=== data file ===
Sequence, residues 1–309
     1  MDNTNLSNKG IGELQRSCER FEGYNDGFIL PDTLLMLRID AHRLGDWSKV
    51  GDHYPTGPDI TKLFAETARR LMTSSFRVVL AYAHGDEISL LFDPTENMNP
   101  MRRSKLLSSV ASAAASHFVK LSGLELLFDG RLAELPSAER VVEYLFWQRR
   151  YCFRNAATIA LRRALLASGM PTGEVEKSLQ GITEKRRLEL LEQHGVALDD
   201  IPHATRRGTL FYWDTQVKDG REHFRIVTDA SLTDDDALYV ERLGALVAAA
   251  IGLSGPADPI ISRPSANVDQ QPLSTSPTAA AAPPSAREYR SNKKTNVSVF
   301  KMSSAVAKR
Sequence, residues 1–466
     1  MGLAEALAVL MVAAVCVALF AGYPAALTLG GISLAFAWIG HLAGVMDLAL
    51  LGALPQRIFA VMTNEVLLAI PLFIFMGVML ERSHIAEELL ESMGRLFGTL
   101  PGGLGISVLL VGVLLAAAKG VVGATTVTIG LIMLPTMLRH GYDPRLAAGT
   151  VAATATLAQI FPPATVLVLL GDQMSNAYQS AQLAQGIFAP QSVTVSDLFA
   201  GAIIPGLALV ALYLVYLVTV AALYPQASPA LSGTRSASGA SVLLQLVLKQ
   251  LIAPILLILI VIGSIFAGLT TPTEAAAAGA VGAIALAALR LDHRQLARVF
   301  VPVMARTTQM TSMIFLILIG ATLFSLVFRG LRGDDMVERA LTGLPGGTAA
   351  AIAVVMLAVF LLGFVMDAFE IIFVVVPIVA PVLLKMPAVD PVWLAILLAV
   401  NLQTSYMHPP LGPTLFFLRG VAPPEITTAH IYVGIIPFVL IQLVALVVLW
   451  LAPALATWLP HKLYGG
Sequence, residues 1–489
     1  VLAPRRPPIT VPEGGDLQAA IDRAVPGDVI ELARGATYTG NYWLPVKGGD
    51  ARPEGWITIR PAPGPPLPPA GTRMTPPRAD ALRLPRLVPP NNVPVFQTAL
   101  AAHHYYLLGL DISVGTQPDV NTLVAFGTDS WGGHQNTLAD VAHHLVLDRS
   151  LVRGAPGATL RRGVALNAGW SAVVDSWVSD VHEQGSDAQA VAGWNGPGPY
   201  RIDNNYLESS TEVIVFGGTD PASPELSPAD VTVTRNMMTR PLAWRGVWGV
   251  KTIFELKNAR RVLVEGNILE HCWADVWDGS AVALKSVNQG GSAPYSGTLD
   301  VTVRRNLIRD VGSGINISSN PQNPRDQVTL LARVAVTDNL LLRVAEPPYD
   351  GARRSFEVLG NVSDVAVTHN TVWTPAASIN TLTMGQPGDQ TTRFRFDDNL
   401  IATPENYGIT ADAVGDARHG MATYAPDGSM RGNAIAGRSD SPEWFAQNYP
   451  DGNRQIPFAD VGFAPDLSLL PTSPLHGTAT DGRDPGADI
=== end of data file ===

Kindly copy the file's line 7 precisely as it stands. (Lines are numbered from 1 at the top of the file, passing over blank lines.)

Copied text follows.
   251  IGLSGPADPI ISRPSANVDQ QPLSTSPTAA AAPPSAREYR SNKKTNVSVF